Healthy mouth, healthy body!
Very often we look at the mouth and oral health in isolation, with the emphasis on brush, brush, and floss to keep the teeth and gums clean. But the mouth is the gateway to the rest of the body and with such a profuse blood supply to the oral area it is perhaps unsurprising that poor oral health can impact, exacerbate and even cause ill health.
Bacteria that naturally inhabit the mouth make their home in dental plaque, which if not brushed away just gets thicker and thicker, and contains more and more bacteria. This bacteria triggers the body’s immune system causing gum inflammation which, when mild, is known as gingivitis- the condition where the gums sometimes bleed on brushing. If left unchecked this goes on to develop into periodontitis, more commonly referred to as ‘gum disease’ where the body’s response to the bacteria left to sit around the teeth goes on to destroy the underlying bone supporting the teeth.
The inflamed blood vessels in gum disease are swollen and enlarged and become much more porous. Mouth bacteria can very easily enter the bloodstream through these porous blood vessels. If gum disease is left untreated the prolonged inflammatory response of the body is believed to slowly damage blood vessels in the heart and brain over a long period of time. Studies have found that people with gum disease are much more likely to have poor heart health. The chronic inflammatory condition of periodontitis increases inflammation throughout the body, which induces thickening of the blood vessels over time leading to increased blood pressure and increased risk of heart attack.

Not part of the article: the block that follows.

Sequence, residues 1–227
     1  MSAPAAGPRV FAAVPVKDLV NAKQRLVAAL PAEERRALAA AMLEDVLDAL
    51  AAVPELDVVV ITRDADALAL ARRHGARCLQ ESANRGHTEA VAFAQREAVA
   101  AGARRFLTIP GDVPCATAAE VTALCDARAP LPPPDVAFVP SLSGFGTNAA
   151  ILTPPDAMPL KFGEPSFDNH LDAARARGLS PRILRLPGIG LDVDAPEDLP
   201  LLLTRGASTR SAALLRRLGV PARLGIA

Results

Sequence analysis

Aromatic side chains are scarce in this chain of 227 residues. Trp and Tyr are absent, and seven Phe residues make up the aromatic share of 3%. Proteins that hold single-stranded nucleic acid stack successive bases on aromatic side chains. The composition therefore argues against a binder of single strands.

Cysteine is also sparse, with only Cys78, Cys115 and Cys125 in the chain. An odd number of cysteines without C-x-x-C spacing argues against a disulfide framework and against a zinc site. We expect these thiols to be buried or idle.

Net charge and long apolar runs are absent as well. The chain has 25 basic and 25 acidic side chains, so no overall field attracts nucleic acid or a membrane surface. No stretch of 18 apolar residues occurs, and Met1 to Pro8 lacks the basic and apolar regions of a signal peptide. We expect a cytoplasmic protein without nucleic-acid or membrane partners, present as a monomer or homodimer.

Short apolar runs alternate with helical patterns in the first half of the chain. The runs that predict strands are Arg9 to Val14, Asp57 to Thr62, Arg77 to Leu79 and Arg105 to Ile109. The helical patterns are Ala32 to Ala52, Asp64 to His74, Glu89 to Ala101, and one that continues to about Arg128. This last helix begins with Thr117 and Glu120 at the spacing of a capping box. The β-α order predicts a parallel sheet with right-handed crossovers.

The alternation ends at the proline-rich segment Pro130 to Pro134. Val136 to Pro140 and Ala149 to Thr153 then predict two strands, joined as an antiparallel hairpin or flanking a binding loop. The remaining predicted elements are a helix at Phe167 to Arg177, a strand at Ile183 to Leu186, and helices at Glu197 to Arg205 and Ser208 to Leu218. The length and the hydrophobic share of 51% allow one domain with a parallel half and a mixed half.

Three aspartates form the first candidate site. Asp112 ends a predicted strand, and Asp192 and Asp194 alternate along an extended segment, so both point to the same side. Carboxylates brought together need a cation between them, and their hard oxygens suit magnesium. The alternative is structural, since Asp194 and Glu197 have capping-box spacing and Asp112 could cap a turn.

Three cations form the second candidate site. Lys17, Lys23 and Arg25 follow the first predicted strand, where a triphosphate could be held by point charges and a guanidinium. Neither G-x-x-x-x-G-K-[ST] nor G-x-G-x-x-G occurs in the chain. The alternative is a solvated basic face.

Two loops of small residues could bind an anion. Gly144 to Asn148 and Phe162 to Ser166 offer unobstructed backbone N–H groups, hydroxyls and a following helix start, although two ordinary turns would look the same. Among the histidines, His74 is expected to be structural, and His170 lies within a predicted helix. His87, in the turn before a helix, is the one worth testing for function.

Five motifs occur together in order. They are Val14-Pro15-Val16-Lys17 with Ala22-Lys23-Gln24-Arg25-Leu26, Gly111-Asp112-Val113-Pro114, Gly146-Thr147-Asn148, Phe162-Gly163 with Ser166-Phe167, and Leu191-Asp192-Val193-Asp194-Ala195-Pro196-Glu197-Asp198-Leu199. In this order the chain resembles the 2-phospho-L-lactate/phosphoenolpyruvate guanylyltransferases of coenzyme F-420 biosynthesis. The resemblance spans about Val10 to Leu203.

As dentists we have been aware for many years that people with Diabetes are more likely to experience gum disease, however evidence now shows that that severe gum disease can actually increase blood sugar levels which if sustained may lead to the development of type II diabetes in previously healthy people.
Emerging research has also now linked chronic gum disease with a small but clinically significant increased risk of developing conditions such as Alzheimer’s, cancer and a reduced lung function.
So how to prevent all this risk? Simple plaque removal with brushing and regular visits to a dental hygienist for a gum assessment and tips on how to improve tooth brushing and plaque removal. Most dental practices now offer a hygiene service after a dental check up, however some hygienists can take bookings directly without the need to first see a dentist – this is known as direct access and is a simple and easy way to access dental hygiene care. You don’t even need to be registered – just call up your dental practice and they will be glad to help!